Why Would Anyone Want to Buy a ‘Facebook Phone’?

Visit the original post at my Forbes blog The New Persuaders.

So Facebook wants to make a smartphone. Not just a nice app that it sorely lacks right now, but a piece of hardware that it supposedly will design, with the help of a half-dozen former iPhone and iPad software and hardware engineers it has hired.

As farfetched and even crazy as this may sound to those of us rubes who like to do more than just check in on Facebook with their smartphones, it’s apparently a longstanding obsession of the company. That obsession was recently heightened by an initial public offering that went less than swimmingly partly because investors were worried about the company’s lack of a strategy to make money from users on mobile devices. The idea, it seems, is that Facebook needs a clean mobile slate to fulfill its vision of socially infused advertising, so the only way to do that without interference from Apple, Google, carriers, or simply status-quo thinking by phone makers is to do its own.

But little of this rampant speculation makes much sense on its face. Mainly, the idea that Facebook needs to do this to ensure that it can run ads more easily ignores the fact that users–who ultimately would make a decision whether to buy a new phone–aren’t clamoring for ads from Facebook on their devices. A design that essentially makes the smartphone safe for Facebook ads seems unlikely to appeal to Facebook users. Maybe they won’t mind ads on their phones as much as some people might think, if they’re relevant to the activity at hand, but Facebook would have to offer very much more than that to get people to part with their existing phone.

Here’s the thing: Every smartphone is a Facebook phone. Every phone is a Google phone. The essence of the smartphone, like the computer, is that it’s programmable–you can, and people do, make it their own personal phone. Anything that limits that flexibility, even in the name of making it easier to use the most popular Web service on the planet, will be a nonstarter with the masses.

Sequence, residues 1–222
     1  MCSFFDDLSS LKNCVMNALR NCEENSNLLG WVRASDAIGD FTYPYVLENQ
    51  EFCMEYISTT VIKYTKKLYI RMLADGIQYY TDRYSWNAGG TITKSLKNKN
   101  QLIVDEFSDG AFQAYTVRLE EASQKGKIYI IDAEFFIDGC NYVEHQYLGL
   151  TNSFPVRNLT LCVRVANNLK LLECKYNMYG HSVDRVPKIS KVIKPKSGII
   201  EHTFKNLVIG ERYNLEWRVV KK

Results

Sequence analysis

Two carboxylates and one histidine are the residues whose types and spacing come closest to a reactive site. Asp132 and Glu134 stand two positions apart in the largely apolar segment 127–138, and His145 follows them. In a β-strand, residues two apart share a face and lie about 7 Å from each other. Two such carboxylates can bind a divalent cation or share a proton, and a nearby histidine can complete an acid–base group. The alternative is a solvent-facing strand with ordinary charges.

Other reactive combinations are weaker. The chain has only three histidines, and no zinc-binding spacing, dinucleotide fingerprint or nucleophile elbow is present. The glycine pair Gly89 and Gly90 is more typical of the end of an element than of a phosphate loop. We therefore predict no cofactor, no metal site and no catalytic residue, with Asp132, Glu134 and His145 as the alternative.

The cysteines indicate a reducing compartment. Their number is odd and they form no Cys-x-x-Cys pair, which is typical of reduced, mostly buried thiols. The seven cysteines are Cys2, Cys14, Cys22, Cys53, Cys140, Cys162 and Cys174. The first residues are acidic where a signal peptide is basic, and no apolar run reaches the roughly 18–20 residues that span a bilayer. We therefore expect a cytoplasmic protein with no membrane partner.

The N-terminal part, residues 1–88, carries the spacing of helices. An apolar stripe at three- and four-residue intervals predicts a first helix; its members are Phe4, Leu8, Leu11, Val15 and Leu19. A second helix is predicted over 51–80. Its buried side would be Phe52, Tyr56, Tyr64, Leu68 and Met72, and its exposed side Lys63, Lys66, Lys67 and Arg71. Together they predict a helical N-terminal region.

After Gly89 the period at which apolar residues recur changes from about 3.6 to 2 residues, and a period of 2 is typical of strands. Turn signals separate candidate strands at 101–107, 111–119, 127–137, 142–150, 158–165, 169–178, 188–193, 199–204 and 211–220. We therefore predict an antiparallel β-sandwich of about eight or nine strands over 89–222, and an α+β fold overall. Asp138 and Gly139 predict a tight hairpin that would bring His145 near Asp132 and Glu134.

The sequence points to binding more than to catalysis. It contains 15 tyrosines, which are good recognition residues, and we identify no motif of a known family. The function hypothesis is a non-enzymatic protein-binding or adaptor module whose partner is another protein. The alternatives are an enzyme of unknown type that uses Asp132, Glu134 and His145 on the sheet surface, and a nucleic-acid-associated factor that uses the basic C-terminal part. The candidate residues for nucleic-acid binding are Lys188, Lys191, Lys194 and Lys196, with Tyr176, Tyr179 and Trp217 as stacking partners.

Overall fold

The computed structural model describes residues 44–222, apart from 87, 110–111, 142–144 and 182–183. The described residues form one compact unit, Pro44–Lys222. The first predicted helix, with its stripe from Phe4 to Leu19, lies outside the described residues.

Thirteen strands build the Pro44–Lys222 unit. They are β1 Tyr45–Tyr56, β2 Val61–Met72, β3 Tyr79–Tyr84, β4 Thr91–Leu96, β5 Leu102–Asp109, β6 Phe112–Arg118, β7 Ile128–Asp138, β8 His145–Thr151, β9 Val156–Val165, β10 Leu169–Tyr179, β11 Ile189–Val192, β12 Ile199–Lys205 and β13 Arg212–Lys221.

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The Top 10 Tech Trends, Straight From the Top 5 Tech VCs

Cross-posted from my Forbes blog The New Persuaders:

Everyone in Silicon Valley wants to know what’s coming next, and every year for the past 13 years, a panel of the most forward-thinking minds in technology and tech finance convenes here to provide a look at what innovations are likely to emerge in the next few years.

Last night it was time again for the Top 10 Tech Trends dinner, hosted by the Churchill Club, which puts on a bunch of Valley events with top tech folks every year. I wrote about last year’s here as well.

This year, the 14th, the panel is especially venture capital-heavy, but these folks are also, to a person, heavyweights in the Valley, so their opinions carry special weight. On the panel: Kevin Efrusy, general partner at Accel PartnersBing Gordon, investment partner at Kleiner Perkins Caufield & ByersReid Hoffman, partner at Greylock and executive chairman and cofounder of LinkedIn; panel regular Steve Jurvetson, managing director of Draper Fisher Jurvetson; and Peter Thiel, president of Clarium Capital. Moderating the festivities in place of longtime emcee  Tony Perkins, Churchill Club cofounder with Forbes Publisher Rich Karlgaard, are Forbes’ Eric Savitz, San Francisco bureau chief for the magazine, and Managing Editor Bruce Upbin.

The panel portion of the dinner, which attracts several hundred people (you can watch it live here for a fee), starts at 7 p.m. Pacific at the Hyatt Regency Santa Clara. The audience gets to vote–in past years, with red and green cards as well as electronic voting devices. This year, they’ll be using a Twitter-based polling system. Panel members have similar red-green paddles they hold up. I’ll post the highlights as they happen.

And we’re underway. Eric and Bruce will describe each trend and then the owner of that trend, one of the panel members, will explain it.

1) Radical Globalization of Social Commerce: Efrusy explains that companies today will be instantly global, or they will fall behind those that aren’t. For the previous Web generation, international was a distinct minority. Groupon, for example, was half international when it went public last year. If you want to be the leading global player, just leading the U.S. might not be enough. You can’t wait to win the U.S. and then open an office.

The other panel members wave half-red, half-green panels. Gordon, who waved a red, says that’s going to take awhile. Hoffman, also red, said the U.S. is still the most important. Thiel’s in-between, I think, but because he thinks it’s not very interesting. Jurvetson says it’s true, but 12 years old. It’s what every consumer Internet startup has been doing for 12 years. Thiel on second thought thinks it’s a worthwhile rule to go international early to avoid local copycats.

The audience shows mostly greens, matched by about 70% supporting the trend on TwitPolls.

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